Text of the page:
A bright spot for the ailing European car industry, UK car sales have risen every month since March 2012 and auto bosses believe the volume gains will continue.
The optimism has caused the Society of Motor Manufacturers and Traders to predict that full-year sales will rise 8% compared with rise of 3% forecast earlier in the year. By comparison, overall car sales in Europe are forecast to fall by about 5%.
If the SMMT’s prediction is correct, 2.2 million vehicles will be sold this year in Britain. That is close to the pre-downturn figure of 2.4 million in 2007 and it would keep the UK ahead of France as the second-biggest car sales market in Europe behind Germany.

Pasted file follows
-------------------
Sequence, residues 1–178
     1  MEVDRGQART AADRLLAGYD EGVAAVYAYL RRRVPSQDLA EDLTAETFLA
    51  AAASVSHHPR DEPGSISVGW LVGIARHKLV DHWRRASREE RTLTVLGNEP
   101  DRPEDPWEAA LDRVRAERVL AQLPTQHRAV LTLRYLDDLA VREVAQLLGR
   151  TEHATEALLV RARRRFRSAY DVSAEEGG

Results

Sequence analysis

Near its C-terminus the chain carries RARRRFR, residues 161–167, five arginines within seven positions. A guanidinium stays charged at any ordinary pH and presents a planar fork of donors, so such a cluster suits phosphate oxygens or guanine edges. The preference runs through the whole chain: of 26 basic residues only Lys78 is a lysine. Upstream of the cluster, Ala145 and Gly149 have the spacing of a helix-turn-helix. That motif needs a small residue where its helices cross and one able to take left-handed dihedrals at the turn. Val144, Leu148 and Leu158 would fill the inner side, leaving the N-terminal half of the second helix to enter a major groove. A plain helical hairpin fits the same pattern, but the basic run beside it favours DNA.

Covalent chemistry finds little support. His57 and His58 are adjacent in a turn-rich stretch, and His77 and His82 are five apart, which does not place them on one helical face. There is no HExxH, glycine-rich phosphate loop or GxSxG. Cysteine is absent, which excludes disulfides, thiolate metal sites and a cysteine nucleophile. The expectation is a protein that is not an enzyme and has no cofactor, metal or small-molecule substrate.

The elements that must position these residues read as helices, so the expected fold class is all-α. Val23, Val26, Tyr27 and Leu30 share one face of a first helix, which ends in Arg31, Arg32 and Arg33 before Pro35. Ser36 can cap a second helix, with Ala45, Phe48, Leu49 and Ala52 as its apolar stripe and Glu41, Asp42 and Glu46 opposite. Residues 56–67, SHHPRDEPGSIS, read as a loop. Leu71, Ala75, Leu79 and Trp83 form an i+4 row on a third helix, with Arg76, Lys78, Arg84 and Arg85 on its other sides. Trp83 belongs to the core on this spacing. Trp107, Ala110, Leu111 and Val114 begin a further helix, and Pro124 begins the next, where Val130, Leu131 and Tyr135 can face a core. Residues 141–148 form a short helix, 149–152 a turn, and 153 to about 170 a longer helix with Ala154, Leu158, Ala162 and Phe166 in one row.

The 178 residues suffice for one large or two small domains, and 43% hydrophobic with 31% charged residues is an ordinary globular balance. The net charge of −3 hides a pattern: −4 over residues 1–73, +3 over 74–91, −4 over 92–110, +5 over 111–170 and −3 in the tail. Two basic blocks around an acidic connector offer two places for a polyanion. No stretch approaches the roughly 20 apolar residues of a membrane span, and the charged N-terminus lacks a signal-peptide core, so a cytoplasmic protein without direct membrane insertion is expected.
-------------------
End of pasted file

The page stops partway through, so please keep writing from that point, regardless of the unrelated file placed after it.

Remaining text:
“There’s more scope to recover,” BMW UK Managing Director Tim Abbott said. “I think we’re still under-capacity in terms of sales.”
A key to the success has been a 16 percent rise in private sales, which has been driven by competitive finance, deals resulting from low interest rates, automaker bosses said.
At Citroen, up to 85 percent of retail sales are financed using the automaker’s house lender, BMW said in June that 80 percent of the models its Mini brand sells in the UK are financed using the automaker’s financing arm while at Ford, the average is about 70 percent, which is the highest figure globally for the manufacturer, UK head of sales Andy Barratt said.
Ford remains the top-selling brand in the UK, ahead of General Motors’ Vauxhall subsidiary, after sales grew 12 percent through July. The Fiesta subcompact was the UK’s best-selling model ahead of the Focus.